SAN FRANCISCO -- Since the late Steve Jobs unveiled the iPhone in June 2007, the innovative smartphone has been the primary driver of Apple's revenue growth.
Now, the long growth run for the company's marquee product may be nearing an end, raising questions about Apple's ability to increase overall revenue.
Sales of the iPhone, which contributed just over half of the company's revenue for the quarter ended in December, rose less than 7%, to 51 million units.
The 6.7% year-over-year growth rate was sharply lower than for the company's prior two periods, as iPhone unit sales rose 25.6% for the quarter ended in October and 20% in the June quarter.
A customer inspects the new iPhone at the Wangfujing flagship store on September 20, 2013, in Beijing.
iPhone revenue rose just 6% during the most-recent period, to $32.5 billion.
And the slowing growth is set to continue, as the company's revenue forecast for the March quarter was well below what Wall Street was expecting.
That forecast, which helped send Apple shares down as much as 9% in after-hours trading, raised the question of whether the iconic tech giant is still a growth company.
The ebbing iPhone growth is especially alarming to Apple investors because it came during the first full quarter of availability for the company's new flagship smartphone, the iPhone 5s.
It suggests that most consumers in mature smartphone markets, such as the U.S. and Europe, who want to own an Apple device already do so.
The much-slower iPhone sales also come at a time when most market analysts forecast that the overall smartphone market is growing at more than twice that rate.
That means Apple is losing market share to Samsung Electronics and other makers of lower-priced smartphones.
If the trend continues, it will signal that a time long feared by Apple stock bulls has come.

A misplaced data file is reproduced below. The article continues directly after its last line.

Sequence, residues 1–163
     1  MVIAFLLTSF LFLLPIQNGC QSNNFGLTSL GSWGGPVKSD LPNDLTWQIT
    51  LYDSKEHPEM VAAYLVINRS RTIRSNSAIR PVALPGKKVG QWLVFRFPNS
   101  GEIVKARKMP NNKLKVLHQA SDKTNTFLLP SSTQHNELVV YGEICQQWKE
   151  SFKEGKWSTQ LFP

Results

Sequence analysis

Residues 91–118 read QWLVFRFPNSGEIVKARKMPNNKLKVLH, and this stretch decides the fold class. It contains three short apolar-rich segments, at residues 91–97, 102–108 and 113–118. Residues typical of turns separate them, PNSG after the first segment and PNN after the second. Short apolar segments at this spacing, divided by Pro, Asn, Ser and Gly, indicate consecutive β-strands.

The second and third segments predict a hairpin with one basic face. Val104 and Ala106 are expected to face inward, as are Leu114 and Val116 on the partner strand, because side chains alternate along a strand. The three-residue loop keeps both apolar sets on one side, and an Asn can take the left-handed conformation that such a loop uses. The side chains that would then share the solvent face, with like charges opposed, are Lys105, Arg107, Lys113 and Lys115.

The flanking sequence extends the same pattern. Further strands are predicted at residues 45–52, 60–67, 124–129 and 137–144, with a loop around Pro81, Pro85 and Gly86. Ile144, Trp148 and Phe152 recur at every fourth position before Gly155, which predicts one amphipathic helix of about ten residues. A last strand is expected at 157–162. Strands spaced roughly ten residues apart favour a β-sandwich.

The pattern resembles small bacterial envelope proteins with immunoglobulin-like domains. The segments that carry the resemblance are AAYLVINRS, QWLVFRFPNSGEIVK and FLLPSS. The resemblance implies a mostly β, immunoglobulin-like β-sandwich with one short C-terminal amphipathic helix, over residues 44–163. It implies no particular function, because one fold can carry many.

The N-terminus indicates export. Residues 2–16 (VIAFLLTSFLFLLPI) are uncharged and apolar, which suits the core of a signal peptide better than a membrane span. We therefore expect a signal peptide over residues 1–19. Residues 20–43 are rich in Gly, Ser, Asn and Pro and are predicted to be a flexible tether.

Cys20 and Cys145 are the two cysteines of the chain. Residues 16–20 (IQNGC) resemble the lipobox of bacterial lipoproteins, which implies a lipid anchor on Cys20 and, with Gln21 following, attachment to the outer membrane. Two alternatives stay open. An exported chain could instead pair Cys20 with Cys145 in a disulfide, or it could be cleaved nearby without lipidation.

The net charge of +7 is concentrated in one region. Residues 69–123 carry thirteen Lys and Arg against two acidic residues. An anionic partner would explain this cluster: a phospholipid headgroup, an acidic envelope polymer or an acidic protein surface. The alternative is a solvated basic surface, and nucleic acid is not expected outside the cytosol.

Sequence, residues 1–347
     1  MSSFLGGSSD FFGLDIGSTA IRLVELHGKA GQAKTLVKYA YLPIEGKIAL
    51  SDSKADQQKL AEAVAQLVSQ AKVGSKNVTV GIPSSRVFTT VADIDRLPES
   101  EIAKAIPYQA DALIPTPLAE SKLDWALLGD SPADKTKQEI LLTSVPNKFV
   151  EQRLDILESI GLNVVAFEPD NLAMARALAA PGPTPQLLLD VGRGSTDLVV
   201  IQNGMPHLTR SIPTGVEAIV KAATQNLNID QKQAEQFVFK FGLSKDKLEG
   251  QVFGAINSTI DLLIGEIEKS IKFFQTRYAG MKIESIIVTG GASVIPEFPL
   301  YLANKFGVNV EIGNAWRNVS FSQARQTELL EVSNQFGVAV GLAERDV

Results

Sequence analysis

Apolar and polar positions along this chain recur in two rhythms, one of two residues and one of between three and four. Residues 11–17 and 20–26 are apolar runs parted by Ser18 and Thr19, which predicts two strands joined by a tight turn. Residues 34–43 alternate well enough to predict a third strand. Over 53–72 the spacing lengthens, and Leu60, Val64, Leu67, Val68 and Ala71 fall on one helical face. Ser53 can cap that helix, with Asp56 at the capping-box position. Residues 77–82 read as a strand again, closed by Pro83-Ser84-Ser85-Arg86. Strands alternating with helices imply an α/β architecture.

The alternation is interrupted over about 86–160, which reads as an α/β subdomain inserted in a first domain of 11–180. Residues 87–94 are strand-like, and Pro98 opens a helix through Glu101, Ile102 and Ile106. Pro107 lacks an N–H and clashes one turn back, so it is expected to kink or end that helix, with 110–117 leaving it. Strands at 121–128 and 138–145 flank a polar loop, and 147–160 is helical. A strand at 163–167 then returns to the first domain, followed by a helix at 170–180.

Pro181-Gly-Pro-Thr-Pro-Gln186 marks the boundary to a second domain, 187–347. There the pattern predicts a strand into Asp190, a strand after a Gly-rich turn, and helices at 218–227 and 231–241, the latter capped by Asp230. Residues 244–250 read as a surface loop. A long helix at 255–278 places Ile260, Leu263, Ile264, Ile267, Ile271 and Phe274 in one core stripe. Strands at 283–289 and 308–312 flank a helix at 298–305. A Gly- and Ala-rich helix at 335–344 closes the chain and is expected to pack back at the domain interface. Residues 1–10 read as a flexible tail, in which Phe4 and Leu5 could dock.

Namely, that future growth in the smartphone market -- as with those for PCs and other consumer tech products that came before -- will be driven less by high-priced innovation and more by buyers who are either replacing existing devices or focused on price, not snazzy new features.
The trend may not be as bad as it looks, however, as Apple executives said on a conference call that the weak revenue forecast for the current quarter was impacted by other factors.
For example, the company built a larger inventory of iPhones and iPads for the 2013 holiday shopping season, after being unable to meet demand the year before.
The forecast was also crimped by a stronger U.S. dollar, Apple CFO Peter Oppenheimer said on the call.
The company's iPhone sales rose 40% in Japan, for example, helped by a new agreement with NTT Docomo, that country's largest mobile operator.
Yet a stronger U.S. currency will blunt the revenue benefit of future NTT sales, which are paid for in yen.
Sales of iPads are helping pick up some of the slack, rising 12% in the December quarter versus a year earlier, after coming in flat during the prior period.
Still, the company's North American iPhone business "contracted year-over-year," CEO Tim Cook said on the call, suggesting that the product's growth days in its home market are over.
Without smartphone sales driving growth, Apple will be hard-pressed to meet Wall Street's expectations for an 8.5% annual rise in revenue for the fiscal year ending in September.